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United Furniture sued after firing 2,700 workers while they slept: "Stress and despair"

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United Furniture is facing a lawsuit from its employees after it fired 2,700 workers before Thanksgiving via email and text messages sent during the "middle of the night."

The lawsuit claims United Furniture violated the Worker Adjustment and Retraining Notification (WARN) Act, a federal law that requires employers provide a written notice to workers 60 days before a mass layoff or plant closing. The job cuts represent the furniture maker's entire workforce, most of which lives in Mississippi, according to the Northeast Mississippi Daily Journal.

United Furniture, which made home furnishings under the Lane Home Furnishings brand, didn't immediately respond to a request for comment. 

The lawsuit is seeking "the maximum amount allowed for a violation of the WARN Act," which is 60 days of back pay and the benefits that each worker was entitled to under their benefit plans, Jack Simpson, an attorney for the employees, told CBS MoneyWatch in an email. Simpson said he hasn't received a response from United Furniture, and added that it is not clear why the company cut its workforce. 

"Just two days shy of Thanksgiving"

"The firings are tragic. Not only were the employees fired in the middle of the night via an email or text message, but the firings occurred just two days shy of Thanksgiving," Simpson said in the email. 

He added, "A time period that is intended for thanksgiving with friends, family and loved ones became a period of heartache, stress and despair solely because United Furniture lacked the decency to provide its employees any notice."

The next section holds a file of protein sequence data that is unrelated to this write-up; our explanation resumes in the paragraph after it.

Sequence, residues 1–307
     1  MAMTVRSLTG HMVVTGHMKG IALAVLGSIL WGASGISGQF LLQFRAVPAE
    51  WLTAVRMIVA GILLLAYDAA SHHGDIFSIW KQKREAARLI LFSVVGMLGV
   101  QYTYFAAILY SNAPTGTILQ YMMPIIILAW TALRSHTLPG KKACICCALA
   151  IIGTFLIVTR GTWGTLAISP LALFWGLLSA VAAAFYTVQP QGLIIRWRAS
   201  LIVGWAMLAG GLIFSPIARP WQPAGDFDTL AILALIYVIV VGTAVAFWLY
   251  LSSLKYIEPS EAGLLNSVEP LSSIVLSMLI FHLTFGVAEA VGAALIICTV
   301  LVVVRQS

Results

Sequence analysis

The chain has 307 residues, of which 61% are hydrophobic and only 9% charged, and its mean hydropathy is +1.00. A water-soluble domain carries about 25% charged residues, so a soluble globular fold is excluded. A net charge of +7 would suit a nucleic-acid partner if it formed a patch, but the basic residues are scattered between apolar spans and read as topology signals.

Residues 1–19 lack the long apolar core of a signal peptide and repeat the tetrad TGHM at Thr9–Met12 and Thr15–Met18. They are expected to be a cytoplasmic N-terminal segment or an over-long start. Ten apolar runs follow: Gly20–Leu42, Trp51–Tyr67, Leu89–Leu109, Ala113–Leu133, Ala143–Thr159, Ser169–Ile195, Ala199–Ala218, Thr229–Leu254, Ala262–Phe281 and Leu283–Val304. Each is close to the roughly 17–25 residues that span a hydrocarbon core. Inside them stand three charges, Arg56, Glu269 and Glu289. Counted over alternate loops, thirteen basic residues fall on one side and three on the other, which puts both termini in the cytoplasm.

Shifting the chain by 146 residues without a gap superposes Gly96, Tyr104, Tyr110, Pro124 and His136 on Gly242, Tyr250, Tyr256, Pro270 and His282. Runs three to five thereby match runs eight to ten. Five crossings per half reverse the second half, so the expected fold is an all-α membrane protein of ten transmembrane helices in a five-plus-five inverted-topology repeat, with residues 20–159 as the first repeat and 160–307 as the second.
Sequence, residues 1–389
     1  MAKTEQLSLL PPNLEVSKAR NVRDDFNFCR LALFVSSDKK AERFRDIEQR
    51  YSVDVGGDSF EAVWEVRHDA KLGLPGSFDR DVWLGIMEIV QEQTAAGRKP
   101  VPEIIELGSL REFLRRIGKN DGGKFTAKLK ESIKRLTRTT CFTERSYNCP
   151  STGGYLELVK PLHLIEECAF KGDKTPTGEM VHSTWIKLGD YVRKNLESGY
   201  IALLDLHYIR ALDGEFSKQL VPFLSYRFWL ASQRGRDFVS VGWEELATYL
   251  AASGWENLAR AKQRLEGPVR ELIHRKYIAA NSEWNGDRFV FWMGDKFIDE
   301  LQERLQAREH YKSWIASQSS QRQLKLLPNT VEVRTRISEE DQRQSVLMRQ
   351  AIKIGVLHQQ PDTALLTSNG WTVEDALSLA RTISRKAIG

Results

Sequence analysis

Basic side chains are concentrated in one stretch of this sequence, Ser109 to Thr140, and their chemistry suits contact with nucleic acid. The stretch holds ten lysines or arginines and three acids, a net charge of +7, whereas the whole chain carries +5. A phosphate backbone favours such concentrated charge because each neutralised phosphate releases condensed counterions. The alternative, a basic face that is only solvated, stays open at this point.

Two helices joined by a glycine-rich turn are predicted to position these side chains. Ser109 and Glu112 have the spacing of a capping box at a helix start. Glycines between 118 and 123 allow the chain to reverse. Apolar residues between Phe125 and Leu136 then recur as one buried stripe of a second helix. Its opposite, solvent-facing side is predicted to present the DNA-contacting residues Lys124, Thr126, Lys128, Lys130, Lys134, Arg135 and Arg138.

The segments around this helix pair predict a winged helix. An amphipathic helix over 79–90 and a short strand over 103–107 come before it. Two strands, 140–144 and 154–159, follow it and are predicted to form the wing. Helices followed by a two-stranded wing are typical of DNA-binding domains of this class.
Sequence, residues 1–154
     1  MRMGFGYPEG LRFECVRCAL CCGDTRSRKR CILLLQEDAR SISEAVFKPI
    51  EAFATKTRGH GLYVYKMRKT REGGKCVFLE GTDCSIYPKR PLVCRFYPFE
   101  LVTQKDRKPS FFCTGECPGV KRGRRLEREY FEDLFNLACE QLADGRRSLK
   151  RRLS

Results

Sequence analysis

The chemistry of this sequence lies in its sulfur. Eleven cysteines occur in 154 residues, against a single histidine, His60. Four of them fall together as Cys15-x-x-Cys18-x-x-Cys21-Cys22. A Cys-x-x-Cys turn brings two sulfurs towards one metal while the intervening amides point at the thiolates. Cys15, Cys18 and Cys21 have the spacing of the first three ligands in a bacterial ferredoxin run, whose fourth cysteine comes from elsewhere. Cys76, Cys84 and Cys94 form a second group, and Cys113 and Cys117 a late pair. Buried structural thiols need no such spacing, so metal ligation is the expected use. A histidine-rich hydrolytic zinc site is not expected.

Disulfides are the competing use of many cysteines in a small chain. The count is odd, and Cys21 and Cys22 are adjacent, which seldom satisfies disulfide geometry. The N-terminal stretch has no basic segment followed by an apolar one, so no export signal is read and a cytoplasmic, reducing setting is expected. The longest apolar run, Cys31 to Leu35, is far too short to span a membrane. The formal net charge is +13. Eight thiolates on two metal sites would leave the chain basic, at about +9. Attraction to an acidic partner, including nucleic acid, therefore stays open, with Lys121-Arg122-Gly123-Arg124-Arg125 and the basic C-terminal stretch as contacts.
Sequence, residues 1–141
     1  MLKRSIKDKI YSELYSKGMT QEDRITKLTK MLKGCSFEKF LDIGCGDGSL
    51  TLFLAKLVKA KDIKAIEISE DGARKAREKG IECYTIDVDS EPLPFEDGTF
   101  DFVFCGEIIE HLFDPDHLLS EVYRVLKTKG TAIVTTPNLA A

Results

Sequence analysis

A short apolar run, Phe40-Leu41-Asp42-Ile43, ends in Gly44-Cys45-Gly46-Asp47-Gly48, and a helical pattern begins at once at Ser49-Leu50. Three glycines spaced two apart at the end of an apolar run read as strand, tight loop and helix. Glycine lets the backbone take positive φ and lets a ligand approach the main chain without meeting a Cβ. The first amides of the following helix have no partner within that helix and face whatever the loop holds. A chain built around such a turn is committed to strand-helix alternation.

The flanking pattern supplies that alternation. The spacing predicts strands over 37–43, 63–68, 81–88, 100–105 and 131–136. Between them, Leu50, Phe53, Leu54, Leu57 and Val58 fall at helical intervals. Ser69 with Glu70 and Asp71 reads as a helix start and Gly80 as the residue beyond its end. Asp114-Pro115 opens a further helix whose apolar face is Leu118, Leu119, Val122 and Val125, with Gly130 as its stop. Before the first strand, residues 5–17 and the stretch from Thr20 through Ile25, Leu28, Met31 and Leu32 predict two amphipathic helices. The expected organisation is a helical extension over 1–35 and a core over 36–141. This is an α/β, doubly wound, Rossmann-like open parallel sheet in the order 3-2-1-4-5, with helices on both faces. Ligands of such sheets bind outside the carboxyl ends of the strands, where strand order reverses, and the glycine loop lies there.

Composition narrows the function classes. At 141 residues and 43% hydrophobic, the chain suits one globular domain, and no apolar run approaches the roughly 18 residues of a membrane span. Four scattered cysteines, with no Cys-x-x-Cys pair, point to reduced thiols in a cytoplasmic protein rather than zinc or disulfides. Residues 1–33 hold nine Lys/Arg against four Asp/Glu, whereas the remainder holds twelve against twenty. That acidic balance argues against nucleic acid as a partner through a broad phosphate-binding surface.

The class-action lawsuit was filed on behalf of Toria Neal and other workers, with Neal having worked at United Furniture from July 2014 through November 21, 2022.

The company's board of directors sent the termination email at 12:42 a.m. on Tuesday, according to the Winston-Salem Journal. The email said that all workers were fired, effective immediately, and blamed "unforeseen business circumstances," the newspaper added. 

As the economy slows, some companies are cutting staff to trim costs, although many layoffs have been focused in the tech sector. Amazon, Meta and Twitter are among the tech giants that have recently announced thousands of job cuts. 

Out for deliveries

Some employees were sound asleep when the emails hit their inboxes. Others never saw the emails before heading to work. Company drivers who were out making deliveries were told to return to a United Furniture location immediately to turn in their trucks.

Meanwhile, some other furniture companies are reaching out to the workers who lost their jobs with United Furniture, while officials in Mississippi are organizing job fairs for the fired workers, according to the Winston-Salem Journal.

DARRAN Furniture wrote on its Facebook page that it is reaching out to laid-off workers. 

"We are saddened by the news of United Furniture and for all the employees affected by their closing," it wrote. "To all United Furniture craftsmen and women — we would love for you to become a part of DARRAN Furniture's growing family."

With reporting by the Associated Press.

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